Tuesday, 2 December 2008

Should project managers be optimists?

[This question arose from an office discussion about targets and programming]

The short answer: probably.

The longer answer: maybe not, not completely. But a project manager needs to be optimistic about the project, and to believe that it is worth doing and is achievable. If they don't believe that, they will be unable to convince anyone else; and they will find it hard to come up with the tenacity, flexibility and single-minded purpose that is needed to drag a reluctant project to a successful conclusion.

And they need to have faith in the ability of their team to learn and grow. There's no point planning a project team by assigning the roles to experienced specialists, only to discover that when it's time to start none are available. What can you do? Give up, or gather the best team you can and fill the gaps by improvisation.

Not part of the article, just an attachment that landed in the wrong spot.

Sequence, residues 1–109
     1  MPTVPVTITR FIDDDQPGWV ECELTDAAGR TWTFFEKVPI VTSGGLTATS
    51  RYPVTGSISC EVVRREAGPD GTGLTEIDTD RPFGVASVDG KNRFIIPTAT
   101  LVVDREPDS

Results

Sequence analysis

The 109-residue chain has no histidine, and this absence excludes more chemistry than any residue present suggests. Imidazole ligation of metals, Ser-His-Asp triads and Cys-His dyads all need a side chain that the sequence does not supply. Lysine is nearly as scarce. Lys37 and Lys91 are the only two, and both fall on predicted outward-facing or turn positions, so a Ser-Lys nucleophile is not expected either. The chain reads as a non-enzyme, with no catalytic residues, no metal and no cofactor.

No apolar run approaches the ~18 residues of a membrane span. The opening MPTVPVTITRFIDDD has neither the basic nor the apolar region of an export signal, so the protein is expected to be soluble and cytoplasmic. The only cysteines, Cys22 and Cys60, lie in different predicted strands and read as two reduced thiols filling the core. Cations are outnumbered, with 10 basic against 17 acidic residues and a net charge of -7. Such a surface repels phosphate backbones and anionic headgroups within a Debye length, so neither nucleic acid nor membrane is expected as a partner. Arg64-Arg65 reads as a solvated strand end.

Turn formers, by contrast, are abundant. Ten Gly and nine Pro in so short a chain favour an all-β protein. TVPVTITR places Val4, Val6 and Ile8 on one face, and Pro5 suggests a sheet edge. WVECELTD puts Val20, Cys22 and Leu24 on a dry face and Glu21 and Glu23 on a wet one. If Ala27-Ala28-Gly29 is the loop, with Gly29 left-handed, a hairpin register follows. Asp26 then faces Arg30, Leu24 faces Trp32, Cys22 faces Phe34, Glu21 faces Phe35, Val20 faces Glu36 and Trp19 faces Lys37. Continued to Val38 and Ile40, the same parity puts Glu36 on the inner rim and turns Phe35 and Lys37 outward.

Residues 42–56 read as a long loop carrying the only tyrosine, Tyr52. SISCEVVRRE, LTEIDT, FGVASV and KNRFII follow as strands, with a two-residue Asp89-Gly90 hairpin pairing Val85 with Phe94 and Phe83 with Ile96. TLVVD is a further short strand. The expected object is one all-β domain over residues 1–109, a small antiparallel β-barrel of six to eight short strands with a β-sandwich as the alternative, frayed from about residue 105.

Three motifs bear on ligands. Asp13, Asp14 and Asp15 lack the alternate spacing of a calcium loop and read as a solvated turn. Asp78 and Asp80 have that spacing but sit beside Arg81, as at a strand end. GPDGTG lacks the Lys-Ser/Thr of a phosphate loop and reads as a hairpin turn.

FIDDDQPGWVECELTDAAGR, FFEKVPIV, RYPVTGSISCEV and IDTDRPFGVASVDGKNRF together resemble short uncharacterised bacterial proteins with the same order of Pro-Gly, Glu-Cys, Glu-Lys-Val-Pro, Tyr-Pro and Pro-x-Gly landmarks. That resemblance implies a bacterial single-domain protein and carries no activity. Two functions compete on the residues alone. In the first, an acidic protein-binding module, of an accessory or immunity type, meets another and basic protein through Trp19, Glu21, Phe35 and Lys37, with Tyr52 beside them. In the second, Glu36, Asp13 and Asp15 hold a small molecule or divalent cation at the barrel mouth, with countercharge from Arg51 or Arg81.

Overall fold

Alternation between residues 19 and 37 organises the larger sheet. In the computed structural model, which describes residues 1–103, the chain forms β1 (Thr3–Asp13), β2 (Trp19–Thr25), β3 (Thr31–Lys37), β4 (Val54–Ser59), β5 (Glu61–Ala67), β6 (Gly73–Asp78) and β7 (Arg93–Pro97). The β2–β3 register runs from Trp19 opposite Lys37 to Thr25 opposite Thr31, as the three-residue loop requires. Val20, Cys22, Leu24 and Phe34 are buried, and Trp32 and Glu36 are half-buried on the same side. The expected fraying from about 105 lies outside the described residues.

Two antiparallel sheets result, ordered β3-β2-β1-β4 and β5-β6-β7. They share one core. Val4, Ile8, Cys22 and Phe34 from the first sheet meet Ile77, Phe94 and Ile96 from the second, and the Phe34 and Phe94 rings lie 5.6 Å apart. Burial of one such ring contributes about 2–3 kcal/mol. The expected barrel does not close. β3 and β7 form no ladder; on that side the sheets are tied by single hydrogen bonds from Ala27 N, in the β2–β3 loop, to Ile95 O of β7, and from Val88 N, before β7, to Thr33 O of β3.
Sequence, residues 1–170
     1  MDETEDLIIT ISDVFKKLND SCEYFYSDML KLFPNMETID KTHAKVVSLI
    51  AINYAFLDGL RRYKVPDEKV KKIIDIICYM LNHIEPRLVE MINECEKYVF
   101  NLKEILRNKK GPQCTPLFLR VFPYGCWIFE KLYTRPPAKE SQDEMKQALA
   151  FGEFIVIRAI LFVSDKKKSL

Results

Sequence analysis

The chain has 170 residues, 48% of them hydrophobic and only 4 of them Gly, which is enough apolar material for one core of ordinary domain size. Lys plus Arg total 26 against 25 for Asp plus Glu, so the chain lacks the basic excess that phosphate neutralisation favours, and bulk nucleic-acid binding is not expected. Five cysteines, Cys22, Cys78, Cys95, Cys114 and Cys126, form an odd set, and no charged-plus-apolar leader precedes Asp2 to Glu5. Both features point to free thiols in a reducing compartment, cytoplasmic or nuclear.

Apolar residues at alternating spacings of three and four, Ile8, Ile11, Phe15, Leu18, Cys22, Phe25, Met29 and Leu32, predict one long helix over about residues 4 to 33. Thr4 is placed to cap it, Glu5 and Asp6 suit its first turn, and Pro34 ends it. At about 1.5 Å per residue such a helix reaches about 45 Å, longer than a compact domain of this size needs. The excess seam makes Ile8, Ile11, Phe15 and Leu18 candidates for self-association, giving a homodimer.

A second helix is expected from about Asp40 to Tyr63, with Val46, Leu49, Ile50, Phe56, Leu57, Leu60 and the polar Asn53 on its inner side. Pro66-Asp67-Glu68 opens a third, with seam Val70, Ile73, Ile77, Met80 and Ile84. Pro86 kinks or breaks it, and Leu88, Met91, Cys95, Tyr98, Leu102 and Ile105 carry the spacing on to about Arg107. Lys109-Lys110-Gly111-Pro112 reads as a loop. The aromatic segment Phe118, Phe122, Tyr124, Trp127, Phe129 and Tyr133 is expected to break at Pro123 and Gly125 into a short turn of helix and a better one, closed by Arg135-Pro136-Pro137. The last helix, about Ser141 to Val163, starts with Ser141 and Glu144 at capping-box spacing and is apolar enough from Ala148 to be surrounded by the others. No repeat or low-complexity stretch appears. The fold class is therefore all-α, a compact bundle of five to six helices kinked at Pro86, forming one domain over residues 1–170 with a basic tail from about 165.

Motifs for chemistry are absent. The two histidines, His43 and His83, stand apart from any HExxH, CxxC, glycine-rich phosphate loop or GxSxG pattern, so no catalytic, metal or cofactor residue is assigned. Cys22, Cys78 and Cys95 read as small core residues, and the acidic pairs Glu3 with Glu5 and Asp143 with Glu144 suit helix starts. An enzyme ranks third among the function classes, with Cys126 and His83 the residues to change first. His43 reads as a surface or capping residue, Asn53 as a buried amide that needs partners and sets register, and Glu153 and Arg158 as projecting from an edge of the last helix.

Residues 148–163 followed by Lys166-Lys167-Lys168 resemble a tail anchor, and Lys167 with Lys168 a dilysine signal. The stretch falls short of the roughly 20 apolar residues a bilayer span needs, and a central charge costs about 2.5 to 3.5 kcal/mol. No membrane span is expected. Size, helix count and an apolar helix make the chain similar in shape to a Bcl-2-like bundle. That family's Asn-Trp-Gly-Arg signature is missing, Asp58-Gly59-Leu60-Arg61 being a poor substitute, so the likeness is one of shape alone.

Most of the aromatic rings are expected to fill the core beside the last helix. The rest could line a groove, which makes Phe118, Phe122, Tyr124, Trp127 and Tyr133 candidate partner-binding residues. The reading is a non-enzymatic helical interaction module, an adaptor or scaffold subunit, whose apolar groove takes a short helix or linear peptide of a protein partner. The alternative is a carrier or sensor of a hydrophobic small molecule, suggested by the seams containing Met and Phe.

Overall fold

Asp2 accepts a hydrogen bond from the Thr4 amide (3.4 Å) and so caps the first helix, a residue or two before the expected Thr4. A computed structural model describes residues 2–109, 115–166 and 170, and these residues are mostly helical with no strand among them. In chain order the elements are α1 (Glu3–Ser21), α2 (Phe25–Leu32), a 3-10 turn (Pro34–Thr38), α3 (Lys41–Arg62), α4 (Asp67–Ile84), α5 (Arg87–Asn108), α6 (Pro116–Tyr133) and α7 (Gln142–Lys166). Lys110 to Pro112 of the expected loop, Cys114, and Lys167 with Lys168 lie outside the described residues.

They also need to be risk-takers. All worthwhile projects involve substantial risk, vene if it's just the risk to reputation that would follow from failure and the opportunity cost of other things that could have been done instead. The exclusion of all risk would make projects impossible to start. Good risk-takers are hard to find, of course; you don't want to mistake blind insensibility to danger for courage.

At a practical level, pessimism can be useful too: if there are important deadlines, best to look at progress with a negative attitude. But pessimism is often accompanied by despair: project managers have to believe that their actions can make a difference, that the world is perfectable, that salvation can be grasped.

No comments: